Senate debates

Tuesday, 5 July 2011

Matters of Public Importance

Carbon Pricing

5:46 pm

Photo of John FaulknerJohn Faulkner (NSW, Australian Labor Party) Share this | Hansard source

The reason to act on climate change, the reason to have a carbon price, is because the earth is warming. And the fact that the earth is warming is not at issue. It is a 100 per cent absolute certainty. I have previously commended to senators, and I do so again, the reports of the Inter­govern­mental Panel on Climate Change and those produced by our own scientists at the Bureau of Meteorology and the CSIRO.

The IPCC's fourth assessment report finds that global warming is unequivocal. Further, the vast majority of the scientific community accepts that greenhouse gases resulting from human activity have been the main cause of global warming. The IPCC reports that emissions of greenhouse gases due to human activities have grown by 70 per cent between 1970 and 2004, and it states that most of the 'observed increases in global temperatures since the mid 20th century are very likely to be as a result of human activities'. As far as Australia is concerned, the CSIRO and the Bureau of Meteorology have presented the most recent picture of our climate. Both these organisations have decades of experience observing and reporting on Aust­ralia's weather and conducting atmospheric and marine research.

We hear an awful lot of hocus-pocus in the climate change debate, so what about some facts?

Fact: on temperature rises, the CSIRO and Bureau of Meteorology have observed that since 1960 the average temperature in Australia has increased by about 0.7 degrees. Whilst temperatures have varied in different locations, the overall long-term trend is clear and there can be no denying Australia has experienced warming over the past 50 years.

Fact: the number of days with record hot temperatures has increased each decade over the past half century. The decade 2000 to 2009 was Australia's warmest on record.

Fact: according to the World Meteoro­logical Organisation, last year, 2010, along with 2005 and 1998, were the warmest years on record globally.

Fact: the CSIRO and Bureau of Meteorology have also reported that the rate of sea level rise increased during the 20th century. From 1870 to 2007, the global average sea level rose by close to 200 millimetres.

Fact: over the period of 1993 to 2009 sea level rises have ranged between 1.5 to three millimetres per year in the south and east and seven to 10 millimetres per year in the north and west of Australia.

And, fact: these agencies have also reported that over the period of the last 50 years, the surface temperatures of the oceans around Australia have increased by about 0.4 degrees Celsius.

As for the future, the CSIRO and the Bureau of Meteorology have projected that Australian average temperatures are going to rise by 0.6 to 1.5 degrees Celsius by as soon as 2030. They have also said:

If global greenhouse gas emissions continue to grow at rates consistent with past trends, warming is projected to be in the range of 2.2 to 5.0 ºC by 2070.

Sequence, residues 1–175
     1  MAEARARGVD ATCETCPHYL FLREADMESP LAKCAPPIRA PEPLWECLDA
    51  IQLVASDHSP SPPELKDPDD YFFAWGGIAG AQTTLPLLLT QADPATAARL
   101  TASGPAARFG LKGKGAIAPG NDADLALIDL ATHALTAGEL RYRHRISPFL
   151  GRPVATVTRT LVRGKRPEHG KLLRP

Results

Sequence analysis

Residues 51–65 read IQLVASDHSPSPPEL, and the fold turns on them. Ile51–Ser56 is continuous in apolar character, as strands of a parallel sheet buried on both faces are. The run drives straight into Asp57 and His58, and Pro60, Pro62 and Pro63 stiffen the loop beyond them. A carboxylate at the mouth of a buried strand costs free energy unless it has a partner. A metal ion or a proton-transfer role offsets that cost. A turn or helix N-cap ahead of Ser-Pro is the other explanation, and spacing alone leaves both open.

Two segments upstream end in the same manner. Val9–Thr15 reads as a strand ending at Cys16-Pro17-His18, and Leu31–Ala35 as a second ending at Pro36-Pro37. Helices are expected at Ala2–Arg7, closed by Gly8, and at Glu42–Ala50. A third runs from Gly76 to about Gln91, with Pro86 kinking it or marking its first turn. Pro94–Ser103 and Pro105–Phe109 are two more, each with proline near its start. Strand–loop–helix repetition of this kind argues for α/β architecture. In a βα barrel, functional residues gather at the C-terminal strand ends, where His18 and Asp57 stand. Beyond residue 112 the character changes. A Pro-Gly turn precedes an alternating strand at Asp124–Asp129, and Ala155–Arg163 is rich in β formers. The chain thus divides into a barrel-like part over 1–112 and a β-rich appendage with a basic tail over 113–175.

Now, I acknowledge that no-one can be certain about all the long-term impacts of climate change. But we do know without doubt that the risks are immense. And we know that, in the view of many experts, Australia, more so than other developed country, is particularly vulnerable to the negative consequences of climate change. There will be social impacts, there will be economic impacts and there will be environmental impacts. I believe that it is the responsibility of government to act in these circumstances. I do not come to this debate as a Johnny-come-lately. To a great deal of entrenched opposition at the time—not to mention rampant paranoia—I supported the adoption of a low-level carbon levy way back when I was Minister for the Environ­ment, Sport and Territories during the years of the Keating government. I held the view then—and I remain committed to it now—that as a responsible member of the international community it is essential for Australia to play its part in reducing global emissions. I have always hoped that our country, as a prosperous and intelligent nation, would be at the forefront of tackling this great challenge.

In many other countries governments of divergent political persuasions have resolved to play their part in reducing global emissions. Take Canada, like Australia a large country with high energy consumption, which has four of its 10 provinces—British Columbia, Manitoba, Ontario and Quebec—partnered in the Western Climate Initiative along with seven USA states. British Columbia has its own carbon tax, due to reach $30 a tonne of CO2 in 2012. Quebec has a carbon price on hydrocarbons. The European Union Emissions Trading Scheme commenced in 2005. Twenty-seven EU countries and three non-EU countries have entered into the scheme, which covers half the EU emissions. Some EU parliaments, of course, have also supported a levy on carbon.

Our New Zealand friends, in the words of their Prime Minister, have an ETS that works. I have to say we sure do have some catching up to do. The New Zealand ETS is a system where one New Zealand unit, or NZU, gives the right to emit one tonne of carbon dioxide. For example, companies that mine natural gas have to surrender NZUs to the government, whereas owners of forests that absorb greenhouse gases earn NZUs from the government.

I believe the Australian economy will be hurt and Australian jobs will be lost if we fail to put a price on carbon. I understand, hear and read that the government's two-stage plan for a carbon price mechanism, starting with a fixed price before transitioning to an emissions trading scheme, will be announced on Sunday. Consistent with my long-standing views, I for one will welcome it.


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